This study enrolls patients who have GPC3-positive solid tumors currently. Patients may be considered if the cancer has come back, has not gone away after standard treatment or the patient cannot receive standard treatment. This research study uses special immune system cells called GAP T cells, a new experimental treatment.
The body has different ways of fighting infection and disease. No single way seems perfect for fighting cancers. This research study combines two different ways of fighting cancer: antibodies and T cells. Antibodies are types of proteins that protect the body from infectious diseases and possibly cancer. T cells, also called T lymphocytes, are special infection-fighting blood cells that can kill other cells, including cells infected with viruses and tumor cells. Both antibodies and T cells have been used to treat patients with cancers. They have shown promise, but have not been strong enough to cure most patients.
Investigators have found from previous research that they can put a new gene into T cells that will make them recognize cancer cells and kill them. In preclinical studies, the investigators made several genes called a chimeric antigen receptor (CAR), from an antibody called GC33 that recognizes glypican-3, a proteoglycan found on solid tumors including pediatric liver cancers (GPC3-CAR). This study will test T cells genetically engineered with a GPC3-CAR (GAP T cells) in patients with GPC3-positive solid tumors (currently only enrolling liver tumors).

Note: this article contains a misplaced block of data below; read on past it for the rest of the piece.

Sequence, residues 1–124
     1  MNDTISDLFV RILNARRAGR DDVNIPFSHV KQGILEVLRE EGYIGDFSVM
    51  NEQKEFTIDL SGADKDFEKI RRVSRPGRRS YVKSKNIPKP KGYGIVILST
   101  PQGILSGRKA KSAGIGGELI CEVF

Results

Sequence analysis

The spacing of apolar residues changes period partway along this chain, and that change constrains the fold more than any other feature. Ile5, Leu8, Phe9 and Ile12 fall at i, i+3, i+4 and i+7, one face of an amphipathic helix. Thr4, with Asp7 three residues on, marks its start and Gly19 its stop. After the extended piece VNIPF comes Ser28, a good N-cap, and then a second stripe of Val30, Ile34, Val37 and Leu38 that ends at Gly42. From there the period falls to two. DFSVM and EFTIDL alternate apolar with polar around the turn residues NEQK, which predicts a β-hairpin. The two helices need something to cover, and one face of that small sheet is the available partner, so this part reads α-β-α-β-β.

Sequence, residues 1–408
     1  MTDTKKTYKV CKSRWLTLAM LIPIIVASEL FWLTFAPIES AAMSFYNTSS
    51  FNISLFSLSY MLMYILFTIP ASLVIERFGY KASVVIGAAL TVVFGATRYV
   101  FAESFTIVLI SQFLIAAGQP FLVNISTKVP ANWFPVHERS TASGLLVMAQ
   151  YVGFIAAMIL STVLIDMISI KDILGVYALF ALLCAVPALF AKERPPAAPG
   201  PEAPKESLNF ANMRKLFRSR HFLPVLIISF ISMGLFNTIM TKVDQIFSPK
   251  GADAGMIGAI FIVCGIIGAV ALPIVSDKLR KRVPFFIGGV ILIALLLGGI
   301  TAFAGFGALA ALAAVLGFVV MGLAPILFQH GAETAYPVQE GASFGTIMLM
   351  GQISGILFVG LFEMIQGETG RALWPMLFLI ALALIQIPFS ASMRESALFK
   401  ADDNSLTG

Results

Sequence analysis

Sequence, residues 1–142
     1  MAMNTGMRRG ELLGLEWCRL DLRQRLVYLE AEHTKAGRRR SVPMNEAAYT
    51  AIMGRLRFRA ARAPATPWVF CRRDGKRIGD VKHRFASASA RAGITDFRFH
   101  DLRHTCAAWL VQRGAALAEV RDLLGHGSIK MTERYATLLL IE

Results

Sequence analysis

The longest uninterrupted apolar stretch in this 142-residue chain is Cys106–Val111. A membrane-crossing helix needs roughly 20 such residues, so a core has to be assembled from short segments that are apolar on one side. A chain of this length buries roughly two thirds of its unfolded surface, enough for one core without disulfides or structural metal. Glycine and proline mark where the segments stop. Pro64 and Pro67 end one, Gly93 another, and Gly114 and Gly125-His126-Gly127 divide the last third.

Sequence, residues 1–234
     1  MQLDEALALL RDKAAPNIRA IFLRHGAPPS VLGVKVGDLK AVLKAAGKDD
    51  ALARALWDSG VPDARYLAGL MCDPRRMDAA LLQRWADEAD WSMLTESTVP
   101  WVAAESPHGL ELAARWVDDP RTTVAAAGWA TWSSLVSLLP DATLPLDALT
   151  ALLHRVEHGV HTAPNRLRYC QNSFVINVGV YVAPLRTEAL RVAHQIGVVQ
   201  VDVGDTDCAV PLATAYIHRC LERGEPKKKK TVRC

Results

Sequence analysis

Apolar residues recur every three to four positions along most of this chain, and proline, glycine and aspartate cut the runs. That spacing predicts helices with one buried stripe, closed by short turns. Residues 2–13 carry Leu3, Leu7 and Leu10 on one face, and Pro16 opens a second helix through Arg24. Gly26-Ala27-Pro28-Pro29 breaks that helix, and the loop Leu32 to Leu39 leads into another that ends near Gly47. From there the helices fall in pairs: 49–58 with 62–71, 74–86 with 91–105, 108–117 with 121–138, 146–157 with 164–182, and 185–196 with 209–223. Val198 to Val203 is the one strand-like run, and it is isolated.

The GAP T cells are an investigational product not approved by the Food and Drug Administration.
The purpose of this study is to find the biggest dose of GAP T cells that is safe, to see how long they last in the body, to learn what the side effects are and to see if the GAP T cells will help people with GPC3-positive solid tumors. This study enrolls patients who have GPC3-positive solid tumors (currently only enrolling liver tumors).